Candace Cameron Bure and her brother, Kirk Cameron, are co-hosting "The Hope Rising COVID-19 Benefit Concert" this Sunday

By Steve Helling
April 17, 2020 09:02 PM
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Candace Cameron Bure has a way of dealing with the isolation created by the coronavirus lockdown: group texts with her Fuller House castmates.

“There are actually a few group texts,” the actress, 43, tells PEOPLE. “I have one with Jodie (Sweetin) and Andrea (Barber). And I have one with the entire Full House cast, and another one with the entire Fuller House cast. I’ll wake in the morning sometimes to like 45 texts.”

There’s always someone in a group text who messages nonstop. So who is the worst offender from Full House?

“It’s usually Bob Saget who keeps things going endlessly,” Bure laughs. “He’s a comedian. So if he doesn’t get a big enough laugh or a big enough reaction, he texts more. And more. And more. It’s nonstop. He texts until he gets the reaction he wants!”

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Bure is an empty-nester now that her children with retired ice hockey player Valeri Bure — daughter Natasha, 21, and sons Lev, 19, and Maksim, 18 — no longer live at home. But “actually, they’re all home now for the quarantine,” she says.

Another way that the actress is coping with the lockdown is by organizing a fundraising concert with her brother, Kirk Cameron.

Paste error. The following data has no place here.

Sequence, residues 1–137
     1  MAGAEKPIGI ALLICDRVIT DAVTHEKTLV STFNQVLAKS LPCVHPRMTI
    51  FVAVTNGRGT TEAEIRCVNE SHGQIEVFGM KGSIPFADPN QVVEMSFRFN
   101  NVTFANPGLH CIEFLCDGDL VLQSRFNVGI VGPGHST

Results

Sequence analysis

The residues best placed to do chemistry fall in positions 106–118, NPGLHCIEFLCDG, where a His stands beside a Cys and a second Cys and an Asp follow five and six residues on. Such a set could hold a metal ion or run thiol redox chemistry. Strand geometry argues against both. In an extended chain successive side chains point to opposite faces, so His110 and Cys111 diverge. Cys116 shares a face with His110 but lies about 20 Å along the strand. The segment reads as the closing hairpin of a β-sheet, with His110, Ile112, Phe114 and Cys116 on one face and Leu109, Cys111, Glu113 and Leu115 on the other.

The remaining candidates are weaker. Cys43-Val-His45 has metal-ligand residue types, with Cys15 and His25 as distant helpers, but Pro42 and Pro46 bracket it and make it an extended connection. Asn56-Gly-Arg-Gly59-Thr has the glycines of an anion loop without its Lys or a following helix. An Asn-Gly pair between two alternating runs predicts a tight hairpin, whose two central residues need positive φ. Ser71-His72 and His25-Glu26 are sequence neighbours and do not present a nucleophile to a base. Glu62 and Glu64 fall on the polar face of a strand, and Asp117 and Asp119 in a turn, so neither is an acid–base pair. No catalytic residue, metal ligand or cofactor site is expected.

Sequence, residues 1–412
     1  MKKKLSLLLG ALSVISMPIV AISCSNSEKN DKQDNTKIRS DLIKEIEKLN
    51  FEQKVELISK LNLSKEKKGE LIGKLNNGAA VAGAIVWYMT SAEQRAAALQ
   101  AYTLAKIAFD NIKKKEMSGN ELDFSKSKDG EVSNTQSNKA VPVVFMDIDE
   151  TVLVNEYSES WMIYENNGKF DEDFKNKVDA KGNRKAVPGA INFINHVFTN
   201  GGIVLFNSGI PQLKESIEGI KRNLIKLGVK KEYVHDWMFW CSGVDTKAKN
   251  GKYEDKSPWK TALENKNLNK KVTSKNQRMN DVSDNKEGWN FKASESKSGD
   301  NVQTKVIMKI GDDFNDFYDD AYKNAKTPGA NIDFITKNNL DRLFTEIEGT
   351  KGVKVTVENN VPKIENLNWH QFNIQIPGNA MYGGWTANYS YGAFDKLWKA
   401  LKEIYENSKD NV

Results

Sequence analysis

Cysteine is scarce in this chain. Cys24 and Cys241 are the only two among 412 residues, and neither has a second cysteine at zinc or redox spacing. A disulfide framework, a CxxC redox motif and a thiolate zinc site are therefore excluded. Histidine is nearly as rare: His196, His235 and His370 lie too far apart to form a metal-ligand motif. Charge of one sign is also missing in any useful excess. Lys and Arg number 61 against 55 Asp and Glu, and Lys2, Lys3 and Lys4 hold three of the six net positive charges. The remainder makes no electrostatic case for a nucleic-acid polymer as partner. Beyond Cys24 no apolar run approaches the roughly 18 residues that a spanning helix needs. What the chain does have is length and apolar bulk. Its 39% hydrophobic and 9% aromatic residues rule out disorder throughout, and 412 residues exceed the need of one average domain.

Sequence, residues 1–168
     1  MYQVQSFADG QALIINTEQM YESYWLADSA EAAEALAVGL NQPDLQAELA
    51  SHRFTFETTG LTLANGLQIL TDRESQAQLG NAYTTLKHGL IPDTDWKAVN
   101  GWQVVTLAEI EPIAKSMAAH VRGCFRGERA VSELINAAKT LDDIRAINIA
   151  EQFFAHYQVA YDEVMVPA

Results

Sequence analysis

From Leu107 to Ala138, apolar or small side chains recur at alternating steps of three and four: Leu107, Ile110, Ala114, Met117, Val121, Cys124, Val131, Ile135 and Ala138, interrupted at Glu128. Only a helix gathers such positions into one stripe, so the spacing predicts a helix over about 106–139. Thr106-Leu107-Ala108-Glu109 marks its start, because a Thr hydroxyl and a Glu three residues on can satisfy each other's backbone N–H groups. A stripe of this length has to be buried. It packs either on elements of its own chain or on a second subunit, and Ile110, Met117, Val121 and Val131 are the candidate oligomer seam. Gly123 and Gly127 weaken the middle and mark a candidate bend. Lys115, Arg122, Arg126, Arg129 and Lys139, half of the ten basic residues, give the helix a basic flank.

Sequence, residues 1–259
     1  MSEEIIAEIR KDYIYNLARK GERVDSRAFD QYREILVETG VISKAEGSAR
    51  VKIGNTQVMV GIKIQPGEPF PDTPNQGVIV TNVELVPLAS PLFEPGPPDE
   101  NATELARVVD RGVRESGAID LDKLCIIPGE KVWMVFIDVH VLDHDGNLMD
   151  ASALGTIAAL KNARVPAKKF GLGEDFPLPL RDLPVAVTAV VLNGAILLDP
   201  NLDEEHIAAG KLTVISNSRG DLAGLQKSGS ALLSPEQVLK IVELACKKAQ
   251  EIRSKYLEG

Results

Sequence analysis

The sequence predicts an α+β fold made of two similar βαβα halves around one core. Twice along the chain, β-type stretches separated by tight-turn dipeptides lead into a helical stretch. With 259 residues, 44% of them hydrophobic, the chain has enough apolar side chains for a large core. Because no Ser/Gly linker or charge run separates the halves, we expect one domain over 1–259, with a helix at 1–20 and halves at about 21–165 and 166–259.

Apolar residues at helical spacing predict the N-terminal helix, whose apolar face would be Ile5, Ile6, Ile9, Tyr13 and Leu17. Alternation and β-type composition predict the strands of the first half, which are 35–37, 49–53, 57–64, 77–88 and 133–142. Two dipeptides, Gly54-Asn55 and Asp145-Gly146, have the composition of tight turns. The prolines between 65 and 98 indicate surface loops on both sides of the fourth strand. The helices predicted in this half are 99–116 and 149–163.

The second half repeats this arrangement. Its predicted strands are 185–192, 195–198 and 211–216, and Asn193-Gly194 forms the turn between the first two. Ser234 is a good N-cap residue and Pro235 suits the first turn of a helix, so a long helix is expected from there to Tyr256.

On Sunday, April 19, Bure and Cameron will host “The Hope Rising COVID-19 Benefit Concert” presented by Facebook Live. The concert will feature some of the biggest names in Contemporary Christian music, and 100 percent of all charity benefits will go to the non-profit humanitarian work of Samaritan’s Purse.

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In addition to Bure and Cameron, viewers will see performances and messages from Kristen Chenoweth, Gloria Gaynor, Danny Gokey, Kirk Franklin and more than a dozen other singers and groups.

“It’s going to be a time of worship and encouragement,” Bure says. “These artists are performing them in their homes. My brother and I are co-hosting it from our homes. None of us will be in the same room, but we hope to bring a sense of togetherness. We want to inspire, comfort, and encourage people.”

It’s a decidedly faith-based program, but Bure says that non-Christians can enjoy it, too. “If you’re cynical about faith in general, you probably won’t enjoy it,” she laughs. “But if you’re of another religion or you believe in a spirituality, I know that you will find great encouragement. There’s nothing political about this show. I believe people will find great encouragement, even if they just feel warm and fuzzy for a little bit.”

“The Hope Rising COVID-19 Benefit Concert” will be presented by Facebook Live this Sunday, April 19 at 8 p.m. ET.

As information about the coronavirus pandemic rapidly changes, PEOPLE is committed to providing the most recent data in our coverage. Some of the information in this story may have changed after publication. For the latest on COVID-19, readers are encouraged to use online resources from CDC, WHO, and local public health departments and visit our coronavirus hub.